You won’t eat at McDonald’s.

I get it. You’re traveling and you want the authentic culinary experience. The thing is, sometimes you may not feel like accidentally ordering the rectum of a pig at five in the morning. It’s too early to exert that much effort into chewing. Assholes are chewy.

Sometimes a Sausage & Egg McMuffin really hits the spot. It’s pretty much the same-ish in every language, and you can always point at the picture in a pinch. Don’t beat yourself up over it. If it makes you feel any better, you’re probably still eating a pig’s anus, just in its more familiar and friendly form.

If you really want to keep it cultural, you might appreciate the “genuine” local cuisine that McDonald’s has to offer: a Bulgogi Burger in Seoul, the McArabia in Abu Dhabi, and in Madrid they even serve cerveza1. Salud!

1I’m not sure this is accurate. It’s possible that when I stumbled into the McDonald’s at 5am, I was already holding a beer which I then drank.

You’ll fall in love with an exotic foreigner.

Falling in love overseas is like a carton of milk. It comes with an expiration date. It’s highly likely that you and your new lover are not from the same country, and sooner or later one of you is going home. When the inevitable happens, you have a few options. You can toss aside the old carton and get yourself some fresh milk, you can claim lactose intolerance for a suitable mourning period, or you can ignore the “best by” warning stamped on the carton for your own protection.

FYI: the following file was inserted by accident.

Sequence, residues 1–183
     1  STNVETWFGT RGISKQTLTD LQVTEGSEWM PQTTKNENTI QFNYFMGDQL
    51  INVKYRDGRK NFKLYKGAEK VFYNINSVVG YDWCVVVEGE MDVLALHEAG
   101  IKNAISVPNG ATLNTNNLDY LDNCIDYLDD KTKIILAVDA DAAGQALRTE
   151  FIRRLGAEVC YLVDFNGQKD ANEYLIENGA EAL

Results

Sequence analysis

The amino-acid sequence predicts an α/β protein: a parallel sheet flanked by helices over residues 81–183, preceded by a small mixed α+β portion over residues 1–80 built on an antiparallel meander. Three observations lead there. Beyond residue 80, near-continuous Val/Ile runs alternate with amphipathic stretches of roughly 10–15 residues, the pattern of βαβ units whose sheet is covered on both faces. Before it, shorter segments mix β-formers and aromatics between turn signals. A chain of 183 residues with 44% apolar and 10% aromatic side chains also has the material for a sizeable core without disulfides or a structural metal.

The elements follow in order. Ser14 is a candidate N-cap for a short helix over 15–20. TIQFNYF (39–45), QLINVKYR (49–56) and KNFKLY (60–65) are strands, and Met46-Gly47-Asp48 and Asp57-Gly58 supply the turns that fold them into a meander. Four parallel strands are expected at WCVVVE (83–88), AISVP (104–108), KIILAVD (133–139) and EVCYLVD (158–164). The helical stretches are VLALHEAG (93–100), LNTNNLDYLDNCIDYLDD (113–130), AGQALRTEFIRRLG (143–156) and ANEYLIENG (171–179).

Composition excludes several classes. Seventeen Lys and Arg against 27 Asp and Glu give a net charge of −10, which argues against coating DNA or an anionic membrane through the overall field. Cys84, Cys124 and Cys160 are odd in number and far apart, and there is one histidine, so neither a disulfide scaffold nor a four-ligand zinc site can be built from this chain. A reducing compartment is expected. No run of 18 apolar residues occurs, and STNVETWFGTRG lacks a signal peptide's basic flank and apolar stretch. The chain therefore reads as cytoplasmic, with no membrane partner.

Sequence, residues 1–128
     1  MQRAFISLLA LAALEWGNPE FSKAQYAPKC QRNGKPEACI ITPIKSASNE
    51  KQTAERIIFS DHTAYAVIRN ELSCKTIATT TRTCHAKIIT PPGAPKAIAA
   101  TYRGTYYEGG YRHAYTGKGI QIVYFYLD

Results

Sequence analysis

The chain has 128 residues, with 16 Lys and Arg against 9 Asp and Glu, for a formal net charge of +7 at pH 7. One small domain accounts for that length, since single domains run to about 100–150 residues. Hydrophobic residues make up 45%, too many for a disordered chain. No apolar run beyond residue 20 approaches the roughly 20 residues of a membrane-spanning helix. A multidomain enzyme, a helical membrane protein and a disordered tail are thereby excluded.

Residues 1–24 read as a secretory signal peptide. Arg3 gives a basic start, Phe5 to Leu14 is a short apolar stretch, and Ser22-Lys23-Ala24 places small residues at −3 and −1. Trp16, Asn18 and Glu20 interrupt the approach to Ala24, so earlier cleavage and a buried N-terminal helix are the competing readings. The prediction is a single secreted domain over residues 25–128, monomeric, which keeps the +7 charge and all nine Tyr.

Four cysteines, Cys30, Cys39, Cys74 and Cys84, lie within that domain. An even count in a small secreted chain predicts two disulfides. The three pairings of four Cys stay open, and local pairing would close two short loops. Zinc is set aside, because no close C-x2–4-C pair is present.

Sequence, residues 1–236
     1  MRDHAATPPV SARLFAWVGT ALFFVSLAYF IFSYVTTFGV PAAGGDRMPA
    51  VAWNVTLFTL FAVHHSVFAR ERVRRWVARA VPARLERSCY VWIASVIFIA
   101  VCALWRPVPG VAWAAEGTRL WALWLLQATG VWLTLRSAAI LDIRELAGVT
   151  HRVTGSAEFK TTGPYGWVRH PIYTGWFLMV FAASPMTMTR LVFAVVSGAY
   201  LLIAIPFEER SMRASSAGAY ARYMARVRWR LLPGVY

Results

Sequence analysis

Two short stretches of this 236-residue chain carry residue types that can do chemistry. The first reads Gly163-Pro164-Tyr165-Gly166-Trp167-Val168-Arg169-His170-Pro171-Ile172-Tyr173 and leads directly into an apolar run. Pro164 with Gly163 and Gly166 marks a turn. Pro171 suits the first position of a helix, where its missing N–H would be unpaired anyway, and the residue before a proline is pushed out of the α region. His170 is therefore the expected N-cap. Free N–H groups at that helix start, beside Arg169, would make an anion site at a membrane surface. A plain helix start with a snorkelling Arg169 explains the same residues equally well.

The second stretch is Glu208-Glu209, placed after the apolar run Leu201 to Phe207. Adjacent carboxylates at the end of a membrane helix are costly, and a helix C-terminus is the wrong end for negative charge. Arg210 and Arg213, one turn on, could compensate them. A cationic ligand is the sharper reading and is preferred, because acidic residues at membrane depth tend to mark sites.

Sure, I’ve seen it work for other couples. They flaunt their borderless love and multi-country work visas. Their babies come out clutching passports in their tiny dual-citizenship hands. Their how-we-met stories are pretty cool: She saved my life in a knife fight in Calcutta.

Unfortunately, Homeland Security doesn’t want you to fall in love with a foreigner. It’s too much of a threat to our national security, so they make it really hard with paperwork and denying your beloved entry to the country. You could try to find a neutral land to call home. My very exotic Canadian ex and I moved to Vietnam, where our relationship quickly soured and made us both sick. It was too hot in Vietnam for our milk.

Traveling will make you a better person.

Or it might make you a douchebag. Take for example this guy I met in Korea named “Trent.” When Trent first arrived, he was your average nice guy from Nice-town USA. Then the Korean girls started comparing him to the likes of Robert Pattinson. (Trent is a short chubby dude, nothing like a glittery vampire.)

He quickly found himself juggling a bevy of local beauties who giggled at his nonexistent jokes while looking really pretty in super short skirts. He was promoted to head English teacher even though he thought “real” was an adverb. He bought himself a scooter and refused to wear a helmet, but the police didn’t ticket him. They bought him rounds of soju instead for being so cool. Trent was living on the edge: women, power, booze, a 50cc engine. It could get to anyone’s head, really.

A few months later, I ran into a shirtless Trent at a bar.